Why integration of $\dot{x}\ddot{x}$ is equal to $4\dot{x}^2$? [closed]

I know how to calculate the basic integral such as $$x$$ or $$x^2$$ but I don't understand why the integral of $$\dot{x}\ddot{x}$$ is equal to $$4\dot{x}^2$$.

I know this is a very elementary question but can someone teach me the integration process?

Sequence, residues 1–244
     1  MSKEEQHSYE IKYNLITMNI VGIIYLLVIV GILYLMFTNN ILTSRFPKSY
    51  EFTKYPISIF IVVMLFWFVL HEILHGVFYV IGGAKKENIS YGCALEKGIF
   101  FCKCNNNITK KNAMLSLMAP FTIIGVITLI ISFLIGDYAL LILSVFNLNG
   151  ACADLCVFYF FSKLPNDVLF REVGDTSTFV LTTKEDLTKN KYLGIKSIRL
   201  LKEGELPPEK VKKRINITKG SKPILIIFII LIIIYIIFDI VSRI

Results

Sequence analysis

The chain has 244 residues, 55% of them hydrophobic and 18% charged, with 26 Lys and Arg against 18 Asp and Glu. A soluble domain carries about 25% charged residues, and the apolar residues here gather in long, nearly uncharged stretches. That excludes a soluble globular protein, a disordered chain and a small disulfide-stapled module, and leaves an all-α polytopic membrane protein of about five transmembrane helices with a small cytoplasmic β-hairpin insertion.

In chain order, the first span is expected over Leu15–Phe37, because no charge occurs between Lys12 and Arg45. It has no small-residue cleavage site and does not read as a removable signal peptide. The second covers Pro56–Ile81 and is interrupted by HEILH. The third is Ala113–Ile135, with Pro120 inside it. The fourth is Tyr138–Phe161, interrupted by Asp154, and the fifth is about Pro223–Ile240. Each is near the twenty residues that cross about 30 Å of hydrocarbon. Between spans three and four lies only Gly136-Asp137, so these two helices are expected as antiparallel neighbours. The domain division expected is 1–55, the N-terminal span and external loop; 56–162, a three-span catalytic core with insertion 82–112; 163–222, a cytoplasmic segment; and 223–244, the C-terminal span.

• It isn't. A primitive of $x'x''$ would be $\frac12(x')^2$. – user239203 Jun 6 '20 at 1:55
• can you write what you are claiming explicitly? why not use integral and dx notation to keep it clear. – jimjim Jun 6 '20 at 2:09

Integrate $$\dot x \ddot x$$ w.r.t the variable $$t$$: $$I=\int \dot x \ddot x dt=\int \dot x \dfrac {d\dot x}{dt}dt=\int \dot x d \dot x$$ Finally you get : $$I= \dfrac {\dot x^2}2+C$$